use of language relating to archetypes is to pre condition
our behaviour towards people. If Jane is a reliable
confidant I can talk to her about my problems without either
having first to verify that she is a real confidant or even
having to worry about it. The expression, "it is who you
know and not what you that counts in life'' is, I suggest,
the result of the fore going. People who know us have the
ability to archetype us, thus making it easier for others to
deal with us when told about us.

That archetype groupings are used to determine or influence
our judgements and behaviour is in no doubt. However, this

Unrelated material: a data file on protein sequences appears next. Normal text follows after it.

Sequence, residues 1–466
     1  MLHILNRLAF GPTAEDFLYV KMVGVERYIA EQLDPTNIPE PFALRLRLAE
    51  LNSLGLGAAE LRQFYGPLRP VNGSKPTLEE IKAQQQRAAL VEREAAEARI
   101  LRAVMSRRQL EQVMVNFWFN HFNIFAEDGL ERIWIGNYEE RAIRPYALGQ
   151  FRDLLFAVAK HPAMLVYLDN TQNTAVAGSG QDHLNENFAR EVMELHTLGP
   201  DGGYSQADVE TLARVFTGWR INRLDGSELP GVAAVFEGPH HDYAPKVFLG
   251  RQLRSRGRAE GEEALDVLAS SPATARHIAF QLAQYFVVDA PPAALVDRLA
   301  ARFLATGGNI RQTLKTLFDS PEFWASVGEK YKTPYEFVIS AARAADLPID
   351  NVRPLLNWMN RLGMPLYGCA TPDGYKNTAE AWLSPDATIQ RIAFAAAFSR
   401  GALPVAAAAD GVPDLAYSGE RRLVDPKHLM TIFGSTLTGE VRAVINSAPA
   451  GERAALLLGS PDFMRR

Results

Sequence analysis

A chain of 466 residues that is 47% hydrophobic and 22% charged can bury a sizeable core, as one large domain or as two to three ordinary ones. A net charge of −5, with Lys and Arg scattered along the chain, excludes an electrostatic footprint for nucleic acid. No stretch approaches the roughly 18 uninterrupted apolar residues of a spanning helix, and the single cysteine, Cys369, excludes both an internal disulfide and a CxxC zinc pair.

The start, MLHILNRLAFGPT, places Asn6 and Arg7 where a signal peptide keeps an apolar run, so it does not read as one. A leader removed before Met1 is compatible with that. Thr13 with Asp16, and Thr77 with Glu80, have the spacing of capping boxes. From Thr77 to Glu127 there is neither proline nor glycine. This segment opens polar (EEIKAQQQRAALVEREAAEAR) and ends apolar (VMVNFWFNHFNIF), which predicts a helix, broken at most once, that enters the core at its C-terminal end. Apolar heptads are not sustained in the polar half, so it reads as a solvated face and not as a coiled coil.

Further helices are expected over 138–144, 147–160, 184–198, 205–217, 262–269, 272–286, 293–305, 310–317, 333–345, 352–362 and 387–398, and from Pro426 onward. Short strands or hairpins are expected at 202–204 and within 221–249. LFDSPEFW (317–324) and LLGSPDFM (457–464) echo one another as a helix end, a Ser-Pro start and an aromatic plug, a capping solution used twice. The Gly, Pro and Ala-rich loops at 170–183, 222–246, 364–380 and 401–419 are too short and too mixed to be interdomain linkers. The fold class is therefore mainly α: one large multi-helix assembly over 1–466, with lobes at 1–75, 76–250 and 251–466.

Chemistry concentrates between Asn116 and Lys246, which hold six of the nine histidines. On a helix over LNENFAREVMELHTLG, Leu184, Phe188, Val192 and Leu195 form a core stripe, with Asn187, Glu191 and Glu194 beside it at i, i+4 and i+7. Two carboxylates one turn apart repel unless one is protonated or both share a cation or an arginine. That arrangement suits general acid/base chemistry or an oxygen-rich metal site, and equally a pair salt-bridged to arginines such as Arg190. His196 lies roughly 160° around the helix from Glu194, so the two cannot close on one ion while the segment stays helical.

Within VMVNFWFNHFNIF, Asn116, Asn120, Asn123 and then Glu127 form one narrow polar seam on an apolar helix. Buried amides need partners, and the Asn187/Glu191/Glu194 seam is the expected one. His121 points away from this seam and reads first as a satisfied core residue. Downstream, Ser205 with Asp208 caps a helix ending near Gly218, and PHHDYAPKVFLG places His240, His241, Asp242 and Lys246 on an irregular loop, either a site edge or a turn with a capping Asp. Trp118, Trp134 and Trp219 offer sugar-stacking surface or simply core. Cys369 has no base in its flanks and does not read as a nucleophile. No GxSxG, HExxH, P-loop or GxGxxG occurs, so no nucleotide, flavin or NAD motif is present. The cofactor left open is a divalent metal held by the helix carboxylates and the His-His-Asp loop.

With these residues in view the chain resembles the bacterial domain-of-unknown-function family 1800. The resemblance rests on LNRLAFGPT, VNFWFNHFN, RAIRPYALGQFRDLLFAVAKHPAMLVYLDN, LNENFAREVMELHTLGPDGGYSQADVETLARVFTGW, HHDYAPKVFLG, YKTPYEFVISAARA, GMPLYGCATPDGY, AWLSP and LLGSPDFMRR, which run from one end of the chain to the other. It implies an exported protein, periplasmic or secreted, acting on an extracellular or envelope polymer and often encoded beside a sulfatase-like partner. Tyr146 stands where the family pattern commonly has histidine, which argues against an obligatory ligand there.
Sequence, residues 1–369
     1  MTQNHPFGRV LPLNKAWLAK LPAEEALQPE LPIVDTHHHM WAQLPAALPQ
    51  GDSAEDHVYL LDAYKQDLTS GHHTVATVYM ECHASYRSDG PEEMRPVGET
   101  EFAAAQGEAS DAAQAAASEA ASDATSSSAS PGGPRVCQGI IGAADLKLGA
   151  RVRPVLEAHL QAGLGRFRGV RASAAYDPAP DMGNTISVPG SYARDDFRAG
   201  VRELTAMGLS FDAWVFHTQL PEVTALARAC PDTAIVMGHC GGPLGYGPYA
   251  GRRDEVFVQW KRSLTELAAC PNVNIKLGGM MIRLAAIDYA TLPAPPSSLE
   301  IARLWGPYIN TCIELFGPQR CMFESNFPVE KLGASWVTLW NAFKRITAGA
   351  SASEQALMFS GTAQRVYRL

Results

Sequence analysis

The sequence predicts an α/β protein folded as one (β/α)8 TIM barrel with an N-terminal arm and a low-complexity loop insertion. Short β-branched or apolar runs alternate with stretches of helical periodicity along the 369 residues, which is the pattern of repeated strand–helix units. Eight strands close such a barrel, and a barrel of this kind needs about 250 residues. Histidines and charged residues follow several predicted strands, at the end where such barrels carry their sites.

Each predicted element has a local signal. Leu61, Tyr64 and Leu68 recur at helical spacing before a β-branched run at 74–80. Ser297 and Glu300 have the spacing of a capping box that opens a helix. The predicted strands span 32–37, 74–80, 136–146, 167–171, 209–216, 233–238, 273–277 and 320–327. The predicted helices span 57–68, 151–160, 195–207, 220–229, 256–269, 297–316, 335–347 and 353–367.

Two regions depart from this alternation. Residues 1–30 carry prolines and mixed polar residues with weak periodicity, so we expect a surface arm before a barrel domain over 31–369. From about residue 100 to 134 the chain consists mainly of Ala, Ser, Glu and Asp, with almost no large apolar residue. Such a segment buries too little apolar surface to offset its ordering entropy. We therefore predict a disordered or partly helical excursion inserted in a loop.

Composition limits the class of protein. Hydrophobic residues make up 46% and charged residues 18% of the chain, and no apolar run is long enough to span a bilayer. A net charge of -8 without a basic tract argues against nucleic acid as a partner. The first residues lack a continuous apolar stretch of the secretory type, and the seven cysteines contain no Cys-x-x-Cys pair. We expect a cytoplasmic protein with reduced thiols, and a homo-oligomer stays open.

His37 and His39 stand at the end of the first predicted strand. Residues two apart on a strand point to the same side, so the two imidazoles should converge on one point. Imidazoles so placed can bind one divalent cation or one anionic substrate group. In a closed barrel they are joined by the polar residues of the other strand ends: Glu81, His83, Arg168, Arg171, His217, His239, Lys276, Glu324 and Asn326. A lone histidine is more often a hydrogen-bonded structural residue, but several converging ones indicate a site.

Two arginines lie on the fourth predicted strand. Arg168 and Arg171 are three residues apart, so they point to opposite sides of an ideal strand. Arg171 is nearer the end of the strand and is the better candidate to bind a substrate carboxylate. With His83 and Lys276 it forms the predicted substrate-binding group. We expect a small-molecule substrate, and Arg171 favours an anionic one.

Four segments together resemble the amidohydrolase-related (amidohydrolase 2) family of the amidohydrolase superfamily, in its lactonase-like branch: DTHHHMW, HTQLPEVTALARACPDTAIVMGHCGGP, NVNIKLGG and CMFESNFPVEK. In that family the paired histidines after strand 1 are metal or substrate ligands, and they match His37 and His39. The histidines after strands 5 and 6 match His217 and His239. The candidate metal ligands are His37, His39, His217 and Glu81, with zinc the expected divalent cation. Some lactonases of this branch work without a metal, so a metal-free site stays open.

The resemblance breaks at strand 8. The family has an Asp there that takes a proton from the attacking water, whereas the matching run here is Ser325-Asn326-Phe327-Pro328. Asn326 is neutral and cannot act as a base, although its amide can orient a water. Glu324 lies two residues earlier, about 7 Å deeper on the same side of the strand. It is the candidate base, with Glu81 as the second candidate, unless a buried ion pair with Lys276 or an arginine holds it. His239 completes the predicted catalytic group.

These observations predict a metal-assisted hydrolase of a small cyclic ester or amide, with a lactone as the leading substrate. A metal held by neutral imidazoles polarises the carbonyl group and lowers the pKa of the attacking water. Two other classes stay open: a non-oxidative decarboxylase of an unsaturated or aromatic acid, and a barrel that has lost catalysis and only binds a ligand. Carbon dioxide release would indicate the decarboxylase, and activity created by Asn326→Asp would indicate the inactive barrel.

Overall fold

does not guarantee that archetypes are always used for good
or honourable causes. A talented artist can be employed to
paint family portraits of rich patrons, but can also be
occupied to paint propaganda posters for some regime.
Motherhood can be a quality celebrating life or a propaganda
rallying tool for women to have more children to be used for
the ends of evil dictators. What is clear about archetypes
is that for something so powerful in a society, they are
certainly available on a free for all basis. To be used and
abused as we wish, as long as we can influence people. To
balance this is there an archetype of a person who uses
archetypes judiciously? And are men or women more likely to
be more judicious with their judgements?

Take care


*The perspective of the female archetype in nursing by
Fonseca VS, Penna LH Rev Bras Enferm. 2000
Apr-Jun;53(2):223-32 **www.cio-today.com Boy, Girl Monkeys
Pick Different Toys, December 12, 2005